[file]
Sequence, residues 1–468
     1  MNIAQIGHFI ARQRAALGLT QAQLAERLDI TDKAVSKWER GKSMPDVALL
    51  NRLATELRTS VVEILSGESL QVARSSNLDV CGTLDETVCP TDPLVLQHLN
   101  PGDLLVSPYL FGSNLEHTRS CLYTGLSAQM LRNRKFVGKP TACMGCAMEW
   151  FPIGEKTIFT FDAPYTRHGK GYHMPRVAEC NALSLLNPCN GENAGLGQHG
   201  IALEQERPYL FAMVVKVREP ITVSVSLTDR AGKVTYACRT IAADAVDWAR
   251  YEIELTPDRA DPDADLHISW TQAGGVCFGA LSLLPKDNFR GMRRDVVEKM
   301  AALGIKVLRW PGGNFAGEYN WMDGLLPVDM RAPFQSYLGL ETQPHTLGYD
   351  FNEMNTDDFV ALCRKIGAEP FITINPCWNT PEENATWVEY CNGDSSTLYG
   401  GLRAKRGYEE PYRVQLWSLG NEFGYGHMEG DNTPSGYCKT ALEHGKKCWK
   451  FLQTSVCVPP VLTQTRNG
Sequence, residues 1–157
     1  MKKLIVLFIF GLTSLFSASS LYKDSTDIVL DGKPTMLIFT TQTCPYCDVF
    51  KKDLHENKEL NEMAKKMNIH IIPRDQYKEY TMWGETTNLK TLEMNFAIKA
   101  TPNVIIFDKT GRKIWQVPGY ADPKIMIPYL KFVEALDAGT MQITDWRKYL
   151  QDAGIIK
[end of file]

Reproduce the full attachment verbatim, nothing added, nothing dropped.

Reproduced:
Sequence, residues 1–468
     1  MNIAQIGHFI ARQRAALGLT QAQLAERLDI TDKAVSKWER GKSMPDVALL
    51  NRLATELRTS VVEILSGESL QVARSSNLDV CGTLDETVCP TDPLVLQHLN
   101  PGDLLVSPYL FGSNLEHTRS CLYTGLSAQM LRNRKFVGKP TACMGCAMEW
   151  FPIGEKTIFT FDAPYTRHGK GYHMPRVAEC NALSLLNPCN GENAGLGQHG
   201  IALEQERPYL FAMVVKVREP ITVSVSLTDR AGKVTYACRT IAADAVDWAR
   251  YEIELTPDRA DPDADLHISW TQAGGVCFGA LSLLPKDNFR GMRRDVVEKM
   301  AALGIKVLRW PGGNFAGEYN WMDGLLPVDM RAPFQSYLGL ETQPHTLGYD
   351  FNEMNTDDFV ALCRKIGAEP FITINPCWNT PEENATWVEY CNGDSSTLYG
   401  GLRAKRGYEE PYRVQLWSLG NEFGYGHMEG DNTPSGYCKT ALEHGKKCWK
   451  FLQTSVCVPP VLTQTRNG
Sequence, residues 1–157
     1  MKKLIVLFIF GLTSLFSASS LYKDSTDIVL DGKPTMLIFT TQTCPYCDVF
    51  KKDLHENKEL NEMAKKMNIH IIPRDQYKEY TMWGETTNLK TLEMNFAIKA
   101  TPNVIIFDKT GRKIWQVPGY ADPKIMIPYL KFVEALDAGT MQITDWRKYL
   151  QDAGIIK